More importantly, many of these user journeys conflict. For example, if a user is looking to buy a product or membership, distracting them with an advert or other lower-value call to action can actively undermine your revenue maximisation work.

Best possible experience

But how do you give all your current and potential stakeholders the best possible experience on your content platform?

Start by defining the 'best possible experience': the experience which makes it as easy and engaging as possible for the visitor to discover you, visit and then complete the user journey which gives the best possible combination of value creation for all website stakeholders: you - the publisher, them - the visitor and any other third parties.

The solution lies in an agile, owned content platform and the ability to personalise experiences for visitors.

Agile, owned content platforms

Content management might not be the sexiest tech trend out there, but your CMS is still an essential tool - we see time and again that even minor annoyances with the experience for internal teams can rapidly lead to disengagement and neglect of your website.

WordPress, for example, is a great fit for a vast number of requirements and organisations - hence its prevalence in the CMS and website spaces. Even when it is not a complete fit, as is often the case for larger publishers or enterprise users, the trend is for multi-CMS solutions that prototypically include WordPress.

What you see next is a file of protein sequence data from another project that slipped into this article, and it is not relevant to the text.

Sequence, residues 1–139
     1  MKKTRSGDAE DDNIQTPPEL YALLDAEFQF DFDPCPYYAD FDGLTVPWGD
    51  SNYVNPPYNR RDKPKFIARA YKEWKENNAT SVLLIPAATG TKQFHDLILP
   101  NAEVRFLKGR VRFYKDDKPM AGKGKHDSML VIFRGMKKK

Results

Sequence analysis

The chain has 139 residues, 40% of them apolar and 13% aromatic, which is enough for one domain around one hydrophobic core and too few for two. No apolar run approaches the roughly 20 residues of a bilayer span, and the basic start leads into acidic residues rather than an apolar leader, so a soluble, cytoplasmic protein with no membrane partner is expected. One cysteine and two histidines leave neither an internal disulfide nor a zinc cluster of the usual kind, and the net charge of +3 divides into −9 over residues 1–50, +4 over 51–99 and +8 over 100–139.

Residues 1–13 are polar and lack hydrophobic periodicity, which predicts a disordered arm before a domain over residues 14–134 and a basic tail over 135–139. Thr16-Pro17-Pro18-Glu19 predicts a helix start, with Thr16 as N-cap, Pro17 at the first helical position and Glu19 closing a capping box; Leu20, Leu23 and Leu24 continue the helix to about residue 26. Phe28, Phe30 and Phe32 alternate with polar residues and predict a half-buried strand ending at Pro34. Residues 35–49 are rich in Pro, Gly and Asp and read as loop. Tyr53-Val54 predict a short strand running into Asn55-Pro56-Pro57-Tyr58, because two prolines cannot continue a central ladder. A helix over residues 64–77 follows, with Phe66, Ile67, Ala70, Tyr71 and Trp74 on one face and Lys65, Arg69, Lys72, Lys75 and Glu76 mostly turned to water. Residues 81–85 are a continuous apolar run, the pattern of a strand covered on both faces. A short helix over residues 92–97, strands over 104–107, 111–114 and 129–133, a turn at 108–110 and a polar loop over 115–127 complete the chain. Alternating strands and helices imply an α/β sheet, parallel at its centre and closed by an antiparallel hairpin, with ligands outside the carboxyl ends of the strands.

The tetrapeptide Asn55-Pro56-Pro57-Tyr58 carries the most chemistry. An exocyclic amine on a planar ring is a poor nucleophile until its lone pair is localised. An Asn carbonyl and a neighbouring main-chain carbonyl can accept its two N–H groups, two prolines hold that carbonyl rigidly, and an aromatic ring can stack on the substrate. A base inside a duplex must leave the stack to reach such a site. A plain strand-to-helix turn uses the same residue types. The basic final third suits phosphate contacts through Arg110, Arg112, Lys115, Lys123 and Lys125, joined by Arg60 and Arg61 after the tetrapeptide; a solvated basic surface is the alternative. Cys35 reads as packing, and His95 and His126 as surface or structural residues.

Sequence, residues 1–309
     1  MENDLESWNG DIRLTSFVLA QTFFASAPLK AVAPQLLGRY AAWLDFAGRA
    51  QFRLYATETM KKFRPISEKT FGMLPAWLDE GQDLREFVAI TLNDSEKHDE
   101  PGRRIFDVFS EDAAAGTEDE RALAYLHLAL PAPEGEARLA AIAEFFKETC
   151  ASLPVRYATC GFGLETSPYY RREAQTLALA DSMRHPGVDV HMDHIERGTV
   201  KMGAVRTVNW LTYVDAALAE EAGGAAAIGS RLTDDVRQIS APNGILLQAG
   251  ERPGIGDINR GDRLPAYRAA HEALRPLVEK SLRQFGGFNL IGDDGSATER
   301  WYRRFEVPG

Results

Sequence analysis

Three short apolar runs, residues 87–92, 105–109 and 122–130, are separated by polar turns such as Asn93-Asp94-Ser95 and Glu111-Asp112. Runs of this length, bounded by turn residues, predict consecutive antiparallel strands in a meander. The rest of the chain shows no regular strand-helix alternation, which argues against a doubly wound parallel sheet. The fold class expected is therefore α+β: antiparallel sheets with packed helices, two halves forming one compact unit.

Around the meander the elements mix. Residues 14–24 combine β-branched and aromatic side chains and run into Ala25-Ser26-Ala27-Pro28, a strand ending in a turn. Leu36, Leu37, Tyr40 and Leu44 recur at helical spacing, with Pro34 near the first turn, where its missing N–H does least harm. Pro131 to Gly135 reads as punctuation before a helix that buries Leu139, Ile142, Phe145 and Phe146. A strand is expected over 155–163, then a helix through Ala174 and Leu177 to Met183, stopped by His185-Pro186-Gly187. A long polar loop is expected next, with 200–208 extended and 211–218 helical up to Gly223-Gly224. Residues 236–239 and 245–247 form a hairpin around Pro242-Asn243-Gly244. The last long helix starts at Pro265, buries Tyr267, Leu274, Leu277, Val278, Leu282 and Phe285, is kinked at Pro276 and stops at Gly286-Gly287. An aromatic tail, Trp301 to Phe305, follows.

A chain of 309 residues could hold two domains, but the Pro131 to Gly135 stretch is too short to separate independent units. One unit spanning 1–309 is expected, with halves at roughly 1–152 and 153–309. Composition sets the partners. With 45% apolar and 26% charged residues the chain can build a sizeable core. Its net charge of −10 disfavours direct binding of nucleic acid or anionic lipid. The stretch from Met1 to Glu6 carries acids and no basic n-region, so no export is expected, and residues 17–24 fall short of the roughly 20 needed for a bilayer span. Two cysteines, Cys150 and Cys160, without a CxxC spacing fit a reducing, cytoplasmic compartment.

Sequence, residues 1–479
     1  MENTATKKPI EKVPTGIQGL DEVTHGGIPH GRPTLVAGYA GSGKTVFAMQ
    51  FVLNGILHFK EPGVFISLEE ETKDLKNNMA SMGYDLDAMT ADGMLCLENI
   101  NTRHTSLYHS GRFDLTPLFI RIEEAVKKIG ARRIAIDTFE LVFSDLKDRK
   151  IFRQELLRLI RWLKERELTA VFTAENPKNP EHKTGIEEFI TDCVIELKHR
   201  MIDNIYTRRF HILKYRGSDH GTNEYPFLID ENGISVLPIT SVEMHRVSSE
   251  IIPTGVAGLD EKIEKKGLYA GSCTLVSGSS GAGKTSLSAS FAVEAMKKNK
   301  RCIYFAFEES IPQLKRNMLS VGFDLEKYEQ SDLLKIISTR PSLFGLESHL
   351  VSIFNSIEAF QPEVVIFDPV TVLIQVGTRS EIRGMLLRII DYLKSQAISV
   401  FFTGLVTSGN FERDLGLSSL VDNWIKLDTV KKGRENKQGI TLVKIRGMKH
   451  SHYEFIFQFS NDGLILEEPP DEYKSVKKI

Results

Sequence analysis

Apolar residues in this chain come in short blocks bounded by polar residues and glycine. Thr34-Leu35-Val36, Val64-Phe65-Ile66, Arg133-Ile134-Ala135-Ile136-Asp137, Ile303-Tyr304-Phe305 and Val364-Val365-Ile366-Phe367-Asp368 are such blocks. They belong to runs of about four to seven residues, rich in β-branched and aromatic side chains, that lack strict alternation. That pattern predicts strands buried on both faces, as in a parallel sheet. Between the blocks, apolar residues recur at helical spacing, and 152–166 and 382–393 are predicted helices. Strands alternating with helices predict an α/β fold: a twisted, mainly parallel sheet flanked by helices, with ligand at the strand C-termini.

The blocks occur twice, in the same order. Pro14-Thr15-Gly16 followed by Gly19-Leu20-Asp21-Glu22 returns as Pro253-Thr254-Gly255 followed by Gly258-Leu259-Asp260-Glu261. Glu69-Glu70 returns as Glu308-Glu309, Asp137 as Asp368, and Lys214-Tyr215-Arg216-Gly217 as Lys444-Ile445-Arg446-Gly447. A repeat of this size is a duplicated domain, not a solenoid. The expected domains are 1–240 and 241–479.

What matters is that you have a content platform that you can own, and one that you can iterate quickly and cost-effectively. Doing this gives you and your teams the best chance to reach every existing and potential stakeholder by underpinning all your marketing channels, like search, social and email.

Personalisation powers

Personalisation is hard. It often feels like playing multi-dimensional chess where both the board and pieces change constantly. Any article you have ever read on the subject will tell you that it is a practice and a journey, not a technical implementation. That is true, but without the right tools in place, your personalisation journey will be longer and harder than it needs to be.

In most cases, it is better to use third-party tools or services to augment WordPress (and the rest of your visitor-facing digital estate) to achieve personalisation. WordPress just is not good at personalisation at scale without extensive development and infrastructure resources.

Certainly, it is possible to have visitors register with WordPress and then build out identity and profiling data from there, but in our experience, it does not scale well, relies on your entire web estate being on the same WordPress instance and becomes awkward for some integrations, for example, CRM or marketing automation.

Standalone tools allow you to set up logic that will create specific nudges, calls to action and user journeys for each visitor to the site, allowing you to solve the problem of keeping user experience simple and clear, whilst also catering for multiple possible beneficial outcomes for both parties.

You can standardise the tools but not the practice

Once you have got the right tech in place, you are left with the significant job of actually implementing a revenue maximisation practice within your organisation. There is no one-size-fits-all set of rules - you have to create your own rules for your own digital experiences and stakeholders. Also, building out this capability will generate tremendous value for you through the insights and business intelligence you gain as a result of learning how to maximise the value of each visit. What you will learn about your stakeholders can be profound.